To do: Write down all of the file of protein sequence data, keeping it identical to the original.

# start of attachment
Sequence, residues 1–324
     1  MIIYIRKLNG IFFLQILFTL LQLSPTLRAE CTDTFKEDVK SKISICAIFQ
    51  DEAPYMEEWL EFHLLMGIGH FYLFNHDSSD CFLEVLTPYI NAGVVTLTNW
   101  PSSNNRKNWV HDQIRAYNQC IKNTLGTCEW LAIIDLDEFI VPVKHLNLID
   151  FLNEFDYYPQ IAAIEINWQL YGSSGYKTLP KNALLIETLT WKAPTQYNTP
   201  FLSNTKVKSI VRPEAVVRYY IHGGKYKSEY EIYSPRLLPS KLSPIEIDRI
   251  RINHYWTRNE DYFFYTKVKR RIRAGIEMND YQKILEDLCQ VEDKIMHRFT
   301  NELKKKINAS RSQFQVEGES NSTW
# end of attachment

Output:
Sequence, residues 1–324
     1  MIIYIRKLNG IFFLQILFTL LQLSPTLRAE CTDTFKEDVK SKISICAIFQ
    51  DEAPYMEEWL EFHLLMGIGH FYLFNHDSSD CFLEVLTPYI NAGVVTLTNW
   101  PSSNNRKNWV HDQIRAYNQC IKNTLGTCEW LAIIDLDEFI VPVKHLNLID
   151  FLNEFDYYPQ IAAIEINWQL YGSSGYKTLP KNALLIETLT WKAPTQYNTP
   201  FLSNTKVKSI VRPEAVVRYY IHGGKYKSEY EIYSPRLLPS KLSPIEIDRI
   251  RINHYWTRNE DYFFYTKVKR RIRAGIEMND YQKILEDLCQ VEDKIMHRFT
   301  NELKKKINAS RSQFQVEGES NSTW